The 49-question survey sought data to help Tech improve its marketing strategy and game-day experience. Fans were asked questions about parking, food, ticket prices and a litany of other topics.
Associate athletic director Wayne Hogan said that decisions in the past were based on assumptions about the market, which often prompted the analytically minded Radakovich to ask, “Well, how do you know?”
Said Radakovich, “I think [the hard data of the survey] eliminates doubt.”
Among the findings: Fans unaffiliated with the school account for 11 percent of the ticket-buying pool. The average customer is 50 years old. Fans could barely recall Tech’s advertising campaigns and gave an overall customer-satisfaction rating of six on a nine-point scale. (Tech’s on-field product last season might have factored in that score.)
“Whether or not that’s high for a school, we don’t know because we don’t have enough other schools’ data to look at,” Herbst-Lucke said. “What we can say is it’s not high enough. Compared to a business, it would be completely unsuccessful.”
Completed in June, the survey has spurred a flurry of improvements and plans for this season. At games, signage directing fans to parking has been improved. Concessions have gotten a makeover, including a wider variety of offerings and an overdue transition to enable credit-card purchases. Coaches and athletes from Tech’s other varsity teams will be around the stadium to greet fans. The school contracted with Atlantic Station to permit fans to park there and take a shuttle to the stadium.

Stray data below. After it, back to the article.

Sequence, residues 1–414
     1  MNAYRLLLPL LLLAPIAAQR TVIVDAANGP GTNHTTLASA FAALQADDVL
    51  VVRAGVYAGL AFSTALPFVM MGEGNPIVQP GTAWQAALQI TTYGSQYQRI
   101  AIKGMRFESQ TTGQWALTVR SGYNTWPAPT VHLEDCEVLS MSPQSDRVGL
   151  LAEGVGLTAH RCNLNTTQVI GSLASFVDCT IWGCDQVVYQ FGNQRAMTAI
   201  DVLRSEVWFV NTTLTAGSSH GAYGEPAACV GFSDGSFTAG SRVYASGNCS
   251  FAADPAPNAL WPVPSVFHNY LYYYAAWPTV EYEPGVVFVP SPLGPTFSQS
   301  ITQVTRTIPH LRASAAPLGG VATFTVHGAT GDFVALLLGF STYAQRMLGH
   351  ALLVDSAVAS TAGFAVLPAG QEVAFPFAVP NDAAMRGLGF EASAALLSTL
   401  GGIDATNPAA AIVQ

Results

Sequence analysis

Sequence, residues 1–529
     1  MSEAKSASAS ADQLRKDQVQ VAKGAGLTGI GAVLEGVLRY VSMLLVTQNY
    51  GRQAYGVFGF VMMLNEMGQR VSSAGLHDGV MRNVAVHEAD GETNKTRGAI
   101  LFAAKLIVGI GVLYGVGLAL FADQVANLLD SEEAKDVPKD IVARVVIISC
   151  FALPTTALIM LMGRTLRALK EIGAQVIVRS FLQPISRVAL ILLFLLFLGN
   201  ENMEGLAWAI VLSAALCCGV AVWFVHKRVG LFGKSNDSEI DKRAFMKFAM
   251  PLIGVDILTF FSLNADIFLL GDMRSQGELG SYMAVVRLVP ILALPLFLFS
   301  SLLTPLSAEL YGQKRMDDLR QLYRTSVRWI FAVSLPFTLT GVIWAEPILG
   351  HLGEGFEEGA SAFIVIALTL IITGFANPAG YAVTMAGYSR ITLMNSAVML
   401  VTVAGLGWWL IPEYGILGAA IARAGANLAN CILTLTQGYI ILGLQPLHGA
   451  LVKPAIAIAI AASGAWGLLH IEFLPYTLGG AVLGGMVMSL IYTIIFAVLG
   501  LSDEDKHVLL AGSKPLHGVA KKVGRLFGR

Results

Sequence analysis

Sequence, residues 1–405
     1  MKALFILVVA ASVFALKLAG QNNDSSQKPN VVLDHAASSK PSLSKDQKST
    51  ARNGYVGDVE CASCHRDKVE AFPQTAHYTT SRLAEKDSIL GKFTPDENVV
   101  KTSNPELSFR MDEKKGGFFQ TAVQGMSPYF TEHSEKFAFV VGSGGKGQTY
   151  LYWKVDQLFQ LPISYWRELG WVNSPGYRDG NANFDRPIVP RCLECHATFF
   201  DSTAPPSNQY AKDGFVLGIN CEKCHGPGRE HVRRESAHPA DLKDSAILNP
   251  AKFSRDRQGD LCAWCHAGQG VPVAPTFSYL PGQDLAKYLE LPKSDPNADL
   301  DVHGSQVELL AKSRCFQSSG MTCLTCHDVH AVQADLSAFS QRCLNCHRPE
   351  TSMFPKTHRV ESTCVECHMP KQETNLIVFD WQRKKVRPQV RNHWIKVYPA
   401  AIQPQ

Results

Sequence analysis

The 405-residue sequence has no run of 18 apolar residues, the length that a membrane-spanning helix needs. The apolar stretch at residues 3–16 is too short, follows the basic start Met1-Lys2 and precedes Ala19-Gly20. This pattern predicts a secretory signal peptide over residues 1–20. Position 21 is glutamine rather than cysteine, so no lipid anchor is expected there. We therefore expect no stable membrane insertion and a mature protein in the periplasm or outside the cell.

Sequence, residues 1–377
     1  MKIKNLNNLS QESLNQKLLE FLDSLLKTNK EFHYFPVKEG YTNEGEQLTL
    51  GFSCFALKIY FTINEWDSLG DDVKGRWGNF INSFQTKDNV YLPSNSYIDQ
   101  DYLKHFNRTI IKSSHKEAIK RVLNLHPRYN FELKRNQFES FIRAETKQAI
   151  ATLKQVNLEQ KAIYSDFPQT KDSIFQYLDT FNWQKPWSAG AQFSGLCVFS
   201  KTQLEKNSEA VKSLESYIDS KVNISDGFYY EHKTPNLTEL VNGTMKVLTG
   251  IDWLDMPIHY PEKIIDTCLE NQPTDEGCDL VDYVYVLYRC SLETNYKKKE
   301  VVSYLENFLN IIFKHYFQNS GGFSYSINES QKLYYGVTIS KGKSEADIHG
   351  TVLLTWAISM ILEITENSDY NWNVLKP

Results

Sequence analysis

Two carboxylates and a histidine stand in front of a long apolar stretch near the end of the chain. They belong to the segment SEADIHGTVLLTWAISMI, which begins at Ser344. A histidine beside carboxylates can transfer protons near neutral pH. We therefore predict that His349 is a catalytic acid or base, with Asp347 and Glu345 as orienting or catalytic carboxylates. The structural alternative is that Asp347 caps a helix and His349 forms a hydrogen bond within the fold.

On the marketing side, the department will spend more to sell tickets through radio ads and direct mail to expand the fan base, which the survey indicated faces a reduction.
More than a third of Tech’s fan base is between 51 and 65. From that group, the analysis projected a decline in ticket sales and spending in coming years. The survey identified families as Tech’s greatest potential for increasing revenues.
“They spent more time at the game; they spent more money at the game,” Herbst-Lucke said. “They also bring with them a younger generation.”
To that end, Tech commissioned another survey to be conducted this fall, this one to sports fans who don’t attend Tech games. Long in the shadow of Bulldog Nation, Tech could use some solutions.
Despite the odd-year home schedule that brings Clemson, Virginia Tech and Georgia to Atlanta, the season-ticket base fell to about 23,200 from 24,675 in 2010. It was about 26,000 in 2009.
“We’ve had a fairly sizable attrition over the last two, three years,” Hogan said.
Herbst-Lucke, perhaps not surprisingly, believes Tech’s administrators will find answers with the help of their data.
Said Herbst-Lucke, “You’ve got a lot of people in there that are saying, ‘We’re going to run this like a business. We’re going to find a way to make this program successful.’”
One angus burger at a time.